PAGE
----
The 29″ wheel’d Carbon Yeti 5.5C is the latest Yeti bike aimed at the gravity/enduro cyclist. We got a chance to check it out during Sea Otter and have some details on it for you all. The SB5.5C will begin shipping in mid-May with prices range from $5,699 to $10,599, depending on specification.
The SB5.5c is where the trail, all-mountain and gravity bike intersect. Tried and tested under the likes of EWS champion Richie Rude and our in-house test team, this lightweight bike eats up grueling technical climbs and hauls going downhill. Forget any preconceived notions about 29ers, thanks to an impeccable frame design, shortened chain stays and aggressive suspension spec, this bike is easy to maneuver and feels lively and quick on the descents. – Yeti Cycles
Yeti 5.5C Specs:
- Suspension: 5.5″ (140mm) of travel
- Sizing: Medium, Large, and XL.
- Color Options are silver or turquoise
- Frame Weight: 6.0 LBS (2.72 KG)
- Wheel size: 29”
- Rear Shock: FOX FLOAT X FACTORY DPS
- Bottom Bracket: PF92
- Rear Wheel spacing: 148MM X 12MM
- Front Derailleur: N/A
- Seatpost: 30.9MM
- Build Kits: GX, X01, XTR
Yeti was kind enough to let us a swing a leg over their 5.5C at Sea Otter so we took the opportunity to take it for a quick ride on some of the more aggressive terrain in the area where the Enduro race was held.
At the heart of the bike is their Switch Infinity Link that you’ve seen on some of their bikes like the Yeti SB5C and Yeti SB6C. The Switch Infinity Link suspension is tuned for each bike but you can get a sense of all the pieces and how the system moves in the video below.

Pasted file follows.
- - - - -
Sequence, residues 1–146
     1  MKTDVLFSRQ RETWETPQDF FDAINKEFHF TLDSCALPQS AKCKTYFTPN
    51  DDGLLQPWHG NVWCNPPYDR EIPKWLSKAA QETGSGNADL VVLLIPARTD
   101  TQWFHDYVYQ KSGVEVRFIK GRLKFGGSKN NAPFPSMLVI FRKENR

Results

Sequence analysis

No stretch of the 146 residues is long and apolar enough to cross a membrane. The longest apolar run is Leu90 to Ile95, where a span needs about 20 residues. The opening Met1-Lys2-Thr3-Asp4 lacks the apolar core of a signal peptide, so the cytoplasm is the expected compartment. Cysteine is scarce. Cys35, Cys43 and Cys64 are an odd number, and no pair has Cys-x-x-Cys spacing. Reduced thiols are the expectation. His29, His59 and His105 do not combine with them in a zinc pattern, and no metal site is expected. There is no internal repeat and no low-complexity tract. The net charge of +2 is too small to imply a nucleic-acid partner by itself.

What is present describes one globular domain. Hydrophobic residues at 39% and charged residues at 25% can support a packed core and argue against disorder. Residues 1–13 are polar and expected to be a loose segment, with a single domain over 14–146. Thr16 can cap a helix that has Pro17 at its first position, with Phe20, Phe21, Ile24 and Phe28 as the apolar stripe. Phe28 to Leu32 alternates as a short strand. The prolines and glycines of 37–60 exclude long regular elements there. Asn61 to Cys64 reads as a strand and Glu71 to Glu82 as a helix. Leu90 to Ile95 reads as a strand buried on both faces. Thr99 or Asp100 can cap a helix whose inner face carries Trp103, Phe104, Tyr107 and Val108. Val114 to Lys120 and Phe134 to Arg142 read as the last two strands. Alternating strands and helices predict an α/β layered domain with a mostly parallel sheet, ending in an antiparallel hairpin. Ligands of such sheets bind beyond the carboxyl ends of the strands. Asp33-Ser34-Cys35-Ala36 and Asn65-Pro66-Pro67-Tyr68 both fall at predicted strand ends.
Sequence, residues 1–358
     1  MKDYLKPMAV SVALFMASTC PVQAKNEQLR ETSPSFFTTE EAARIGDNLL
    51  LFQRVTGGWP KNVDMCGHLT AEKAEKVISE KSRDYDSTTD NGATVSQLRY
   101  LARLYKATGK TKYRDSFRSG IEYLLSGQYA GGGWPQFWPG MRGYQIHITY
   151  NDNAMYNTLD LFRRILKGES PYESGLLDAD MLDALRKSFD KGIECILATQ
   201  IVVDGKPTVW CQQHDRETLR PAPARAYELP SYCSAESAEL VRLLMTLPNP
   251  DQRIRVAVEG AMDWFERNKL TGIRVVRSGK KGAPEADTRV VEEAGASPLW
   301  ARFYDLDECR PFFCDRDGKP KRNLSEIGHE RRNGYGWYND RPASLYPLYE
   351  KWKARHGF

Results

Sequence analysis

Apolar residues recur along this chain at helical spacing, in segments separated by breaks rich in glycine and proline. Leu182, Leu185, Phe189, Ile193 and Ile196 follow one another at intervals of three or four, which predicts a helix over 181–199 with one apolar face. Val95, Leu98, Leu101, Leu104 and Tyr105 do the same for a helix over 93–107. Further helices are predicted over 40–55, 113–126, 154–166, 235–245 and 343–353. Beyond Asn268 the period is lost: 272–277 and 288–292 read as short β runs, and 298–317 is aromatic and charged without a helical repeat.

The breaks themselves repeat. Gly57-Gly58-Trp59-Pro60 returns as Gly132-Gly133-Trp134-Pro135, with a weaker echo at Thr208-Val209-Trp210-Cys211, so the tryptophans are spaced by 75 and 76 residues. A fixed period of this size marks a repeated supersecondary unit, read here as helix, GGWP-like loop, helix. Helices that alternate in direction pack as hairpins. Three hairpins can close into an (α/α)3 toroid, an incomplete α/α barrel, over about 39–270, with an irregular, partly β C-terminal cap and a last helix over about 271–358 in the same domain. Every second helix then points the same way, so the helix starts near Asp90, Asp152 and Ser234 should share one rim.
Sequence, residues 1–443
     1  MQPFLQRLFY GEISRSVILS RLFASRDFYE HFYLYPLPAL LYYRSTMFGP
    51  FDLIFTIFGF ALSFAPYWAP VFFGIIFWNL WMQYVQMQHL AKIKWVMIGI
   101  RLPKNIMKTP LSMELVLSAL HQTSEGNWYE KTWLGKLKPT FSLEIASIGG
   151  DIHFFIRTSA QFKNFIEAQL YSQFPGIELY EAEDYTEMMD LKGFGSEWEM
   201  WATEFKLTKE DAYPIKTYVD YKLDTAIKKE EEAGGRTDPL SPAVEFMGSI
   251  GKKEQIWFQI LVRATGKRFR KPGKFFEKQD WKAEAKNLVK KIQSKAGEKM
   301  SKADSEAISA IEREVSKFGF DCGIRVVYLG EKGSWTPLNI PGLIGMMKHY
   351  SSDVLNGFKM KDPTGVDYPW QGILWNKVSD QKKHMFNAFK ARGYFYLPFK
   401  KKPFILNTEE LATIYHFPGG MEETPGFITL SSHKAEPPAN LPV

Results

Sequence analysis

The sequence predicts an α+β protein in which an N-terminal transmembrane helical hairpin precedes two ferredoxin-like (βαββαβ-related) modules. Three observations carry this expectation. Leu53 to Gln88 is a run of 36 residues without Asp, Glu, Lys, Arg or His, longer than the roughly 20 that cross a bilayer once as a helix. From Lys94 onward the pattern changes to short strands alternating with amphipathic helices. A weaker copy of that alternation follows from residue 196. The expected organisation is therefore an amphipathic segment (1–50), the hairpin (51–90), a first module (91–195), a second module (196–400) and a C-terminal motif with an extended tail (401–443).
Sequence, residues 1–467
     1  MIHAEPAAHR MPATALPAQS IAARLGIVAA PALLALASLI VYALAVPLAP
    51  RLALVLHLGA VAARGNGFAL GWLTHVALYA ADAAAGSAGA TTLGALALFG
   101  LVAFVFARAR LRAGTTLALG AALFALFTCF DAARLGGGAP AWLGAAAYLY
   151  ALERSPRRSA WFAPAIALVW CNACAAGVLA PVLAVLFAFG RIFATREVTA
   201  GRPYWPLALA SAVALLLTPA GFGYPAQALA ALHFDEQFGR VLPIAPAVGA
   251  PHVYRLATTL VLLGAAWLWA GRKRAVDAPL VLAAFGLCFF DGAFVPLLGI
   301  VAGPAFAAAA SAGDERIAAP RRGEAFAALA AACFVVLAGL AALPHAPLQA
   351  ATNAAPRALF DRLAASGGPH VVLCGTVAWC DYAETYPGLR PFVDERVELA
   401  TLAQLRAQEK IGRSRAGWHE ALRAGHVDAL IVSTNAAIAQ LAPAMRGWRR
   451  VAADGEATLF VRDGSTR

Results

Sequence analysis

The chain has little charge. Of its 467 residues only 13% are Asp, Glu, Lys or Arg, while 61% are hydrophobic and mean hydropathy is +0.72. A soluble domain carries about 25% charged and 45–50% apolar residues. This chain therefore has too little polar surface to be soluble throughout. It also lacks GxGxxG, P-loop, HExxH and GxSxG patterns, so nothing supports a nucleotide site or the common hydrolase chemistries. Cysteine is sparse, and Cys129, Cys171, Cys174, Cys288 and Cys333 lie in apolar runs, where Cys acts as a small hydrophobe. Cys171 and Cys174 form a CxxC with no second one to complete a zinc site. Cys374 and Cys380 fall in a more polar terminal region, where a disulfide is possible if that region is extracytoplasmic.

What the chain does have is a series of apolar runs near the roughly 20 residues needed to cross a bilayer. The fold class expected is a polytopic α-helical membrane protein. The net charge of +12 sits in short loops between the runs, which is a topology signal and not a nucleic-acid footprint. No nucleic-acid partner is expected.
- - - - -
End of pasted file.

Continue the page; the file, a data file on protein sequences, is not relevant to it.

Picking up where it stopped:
Yeti’s patented Switch Infinity suspension design features a translating pivot that changes direction as the rear wheel moves through its travel. This provides excellent anti-squat response for superior pedaling and a bottomless feel that responds well to large hits and high-frequency bumps, allowing any rider to push harder and ride faster whether going up or down. The SB5.5c is designed around Boost wheel and drivetrain specifications, with a wider bottom bracket stance, all of which give the SB5.5c greater stiffness and durability.
I’ve been lucky enough to swing a leg over the Yeti 5C, 6C, SB66, and plenty of other Yeti’s in the past as well in the past and the 5.5C is quite good for its intended purpose. The geometry felt good for aggressive riding and the 140mm of rear wheel travel felt like it had more travel than the numbers suggest. The FOX 36 and trim on the bike certainly lend itself well to descending rough terrain. The 35mm Easton cockpit offered up plenty of stiffness and some wide handlebars. There’s a few minor tweaks I’d make if this were my personal bike but they’ve done well with the part spec.
The initial portion of suspension on the 5.5C felt supple and was good at eating up the low-speed chatter. After the initial portion of suspension travel is used it felt like the remaining suspension added a bit more support in the mid and final portions of the travel that gave it good traction once things pointed downward or you became more aggressie on the bike. In summary, the bike felt more active in the initial stroke to soak up the small bumps but quickly morphed into a more efficient bike once things turned rough as it doesn’t blow through its travel too fast. Additionally the lockout was easy to access to make things a bit more efficient when climbing as well. The lock-out setting on the rear shock wasn’t set too firm and still allowed the suspensions some minor movement to still assist in traction while climbing.
The chainstays on this bike are 437mm. In comparison to the SB6C and SB5C (which are a 27.5″ bike) has 442mm chainstays. The shorter chainstays help the bike maneuver quickly and was fun in the technical as well as quick corners that are often prevalent on trails. Yeti seems to have a winning bike on their hands here for Enduro style riding.
Be sure to check out some of our additional 2016 Sea Otter Classic content.
Read more at http://www.yeticycles.com/bikes/sb55c